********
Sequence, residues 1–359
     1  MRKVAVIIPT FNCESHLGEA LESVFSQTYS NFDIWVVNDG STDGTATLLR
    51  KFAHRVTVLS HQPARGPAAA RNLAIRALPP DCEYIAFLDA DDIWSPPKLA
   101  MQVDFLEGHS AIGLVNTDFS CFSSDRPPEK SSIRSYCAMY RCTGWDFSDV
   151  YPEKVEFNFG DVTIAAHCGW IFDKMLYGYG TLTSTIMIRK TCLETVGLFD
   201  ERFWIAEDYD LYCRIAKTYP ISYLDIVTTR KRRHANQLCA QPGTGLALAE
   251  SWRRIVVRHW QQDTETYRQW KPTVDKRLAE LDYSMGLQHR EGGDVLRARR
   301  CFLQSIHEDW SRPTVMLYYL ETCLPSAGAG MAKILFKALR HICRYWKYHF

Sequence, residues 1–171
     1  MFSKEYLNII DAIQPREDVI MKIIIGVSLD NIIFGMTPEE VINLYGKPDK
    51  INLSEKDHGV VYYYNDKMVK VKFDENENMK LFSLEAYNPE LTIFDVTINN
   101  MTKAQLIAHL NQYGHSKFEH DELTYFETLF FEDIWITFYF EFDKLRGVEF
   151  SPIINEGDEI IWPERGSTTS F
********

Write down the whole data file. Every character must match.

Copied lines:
Sequence, residues 1–359
     1  MRKVAVIIPT FNCESHLGEA LESVFSQTYS NFDIWVVNDG STDGTATLLR
    51  KFAHRVTVLS HQPARGPAAA RNLAIRALPP DCEYIAFLDA DDIWSPPKLA
   101  MQVDFLEGHS AIGLVNTDFS CFSSDRPPEK SSIRSYCAMY RCTGWDFSDV
   151  YPEKVEFNFG DVTIAAHCGW IFDKMLYGYG TLTSTIMIRK TCLETVGLFD
   201  ERFWIAEDYD LYCRIAKTYP ISYLDIVTTR KRRHANQLCA QPGTGLALAE
   251  SWRRIVVRHW QQDTETYRQW KPTVDKRLAE LDYSMGLQHR EGGDVLRARR
   301  CFLQSIHEDW SRPTVMLYYL ETCLPSAGAG MAKILFKALR HICRYWKYHF

Sequence, residues 1–171
     1  MFSKEYLNII DAIQPREDVI MKIIIGVSLD NIIFGMTPEE VINLYGKPDK
    51  INLSEKDHGV VYYYNDKMVK VKFDENENMK LFSLEAYNPE LTIFDVTINN
   101  MTKAQLIAHL NQYGHSKFEH DELTYFETLF FEDIWITFYF EFDKLRGVEF
   151  SPIINEGDEI IWPERGSTTS F